Question: In Mark 11:22, my bible has a number next to the phrase "Have faith in God", the number indicates this phrase can be read "Have the faith of God". Years ago I heard Charismatic Bible teachers change this into, "Have the God kind of faith". They were teaching that we, the believers, were to not just have faith in God to move mountains, but we were to speak to the mountains in our lives if we wanted them to be removed. How would you respond to that? Does God have faith? Does God exercise faith?
Mark 11:22 does have unusual phrasing in it. No where else in the New Testament does πίστιν Θεοῦ appear with Θεοῦ (God) as the objective genitive (Craig E. Evans Mark 8:27- 16:20, Word Biblical Commentary vol. 34b (Nashville, TN: Thomas Nelson, 2001), 186). However, though the King James Version does have a margin notes that says that this could be translated as "Have the faith of God," it is clear from the context in this passage as well as the rest of Scripture that God is the object of faith that this command has in view. A truly literal translation of this command would not be "Have the faith of God," but rather "Have faith of God," but what this really means in English is that we are to have faith in God.
Often, in the New Testament, you have what are called "Hebraisms," which are phrases that are influenced by Hebrew grammar or Hebrew idioms, and Mark 11:22 is an example. We notice that foreigners speaking English often speak in ways influenced by the grammar of their native language. For example, Russians often drop "the" from a sentence because there is no definite article in Russian. And so you might have a Russian say "Give me keys", when a native English speaker would have said "Give me the keys." There are many examples of the genitive case being used in a similar way to what we find in Mark 11:22, elsewhere in the Greek New Testament.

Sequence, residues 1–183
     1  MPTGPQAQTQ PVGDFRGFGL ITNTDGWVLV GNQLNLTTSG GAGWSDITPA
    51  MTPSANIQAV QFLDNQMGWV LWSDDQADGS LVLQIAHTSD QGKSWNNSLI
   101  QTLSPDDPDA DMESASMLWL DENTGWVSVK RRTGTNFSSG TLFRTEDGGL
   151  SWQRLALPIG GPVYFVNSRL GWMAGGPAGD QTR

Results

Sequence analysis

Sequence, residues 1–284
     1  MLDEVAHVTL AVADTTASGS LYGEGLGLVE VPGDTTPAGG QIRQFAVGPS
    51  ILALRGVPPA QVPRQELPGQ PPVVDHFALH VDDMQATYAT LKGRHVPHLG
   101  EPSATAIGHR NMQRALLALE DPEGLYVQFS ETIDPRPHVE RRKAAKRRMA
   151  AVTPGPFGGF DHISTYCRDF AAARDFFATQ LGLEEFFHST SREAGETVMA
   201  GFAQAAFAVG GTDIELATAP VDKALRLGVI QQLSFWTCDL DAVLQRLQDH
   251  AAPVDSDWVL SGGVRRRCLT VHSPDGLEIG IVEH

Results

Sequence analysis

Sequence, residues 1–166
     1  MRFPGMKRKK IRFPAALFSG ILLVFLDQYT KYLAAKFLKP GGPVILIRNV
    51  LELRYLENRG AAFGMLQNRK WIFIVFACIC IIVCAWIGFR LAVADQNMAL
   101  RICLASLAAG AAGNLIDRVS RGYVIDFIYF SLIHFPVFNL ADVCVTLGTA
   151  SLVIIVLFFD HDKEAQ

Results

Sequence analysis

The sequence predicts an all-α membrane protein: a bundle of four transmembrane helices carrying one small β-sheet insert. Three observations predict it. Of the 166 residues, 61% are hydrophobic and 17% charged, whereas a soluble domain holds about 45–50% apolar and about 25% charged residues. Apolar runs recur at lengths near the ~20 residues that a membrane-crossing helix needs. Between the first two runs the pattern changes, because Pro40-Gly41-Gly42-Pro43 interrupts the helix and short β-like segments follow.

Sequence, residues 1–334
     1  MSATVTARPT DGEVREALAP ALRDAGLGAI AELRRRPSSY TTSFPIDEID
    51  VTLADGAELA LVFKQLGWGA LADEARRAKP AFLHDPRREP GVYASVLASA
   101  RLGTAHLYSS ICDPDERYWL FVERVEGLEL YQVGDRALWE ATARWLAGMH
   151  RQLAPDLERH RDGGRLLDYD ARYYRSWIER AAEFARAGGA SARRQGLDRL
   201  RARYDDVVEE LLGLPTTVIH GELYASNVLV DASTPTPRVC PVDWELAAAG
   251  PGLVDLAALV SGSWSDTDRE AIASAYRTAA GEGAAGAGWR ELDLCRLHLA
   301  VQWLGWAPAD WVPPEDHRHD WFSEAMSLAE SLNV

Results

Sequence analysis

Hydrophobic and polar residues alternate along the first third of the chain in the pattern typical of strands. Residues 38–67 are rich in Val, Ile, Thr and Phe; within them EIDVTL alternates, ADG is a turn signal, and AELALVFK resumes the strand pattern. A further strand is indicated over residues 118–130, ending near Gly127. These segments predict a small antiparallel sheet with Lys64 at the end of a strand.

The other passage that "Word of Faith" preachers have used to argue that God has and exercises faith is Hebrews 11:3: "Through faith we understand that the worlds were framed by the word of God, so that things which are seen were not made of things which do appear." They twist the meaning of these words to suggest that God framed the universe "through faith", but the obvious meaning of this passage, is that it is through faith that we understand how God framed universe, and that he framed the universe by His word (ῥήματι Θεοῦ). St. Paul tells us, that "faith is the substance of things hoped for, the evidence of things not seen" (Hebrews 11:1). In other words, we believe in things that we cannot see, and hope for things based on what we have been assured of. For God there is nothing that He cannot see, and nothing for Him to hope for that he does know for fact to be a reality. And So God is the object of Faith, but He does not need Faith, because He is not trusting in the word of anyone else with regard to anything that he otherwise does not know. However, since we did not see the universe being framed, it is only by faith, that we are able to understand that God framed them by His word. And this is not just a matter of opinion, this is the understanding that the Church has had since the time of the Apostles up to the present day.
The problem with the charismatic preachers that you mention is that they are attempting to impose on Scripture the non-Christian ideas of "New Thought" philosophy, which is connected to Christian Science, and has much more in common with Buddhism than it does with Christianity.
You can learn more about the origins of the Word of Faith Movement by watching these videos:
These videos are by a Protestant, and he says many things that we would not agree with, but he lays out the errors of the Word of Faith movement, and their history, very well.
You can also read about the origins of the Word of Faith movement in the book "A Different Gospel," by D. R. McConnell.
See also: Stump the Priest: Faith that Moves Mountains?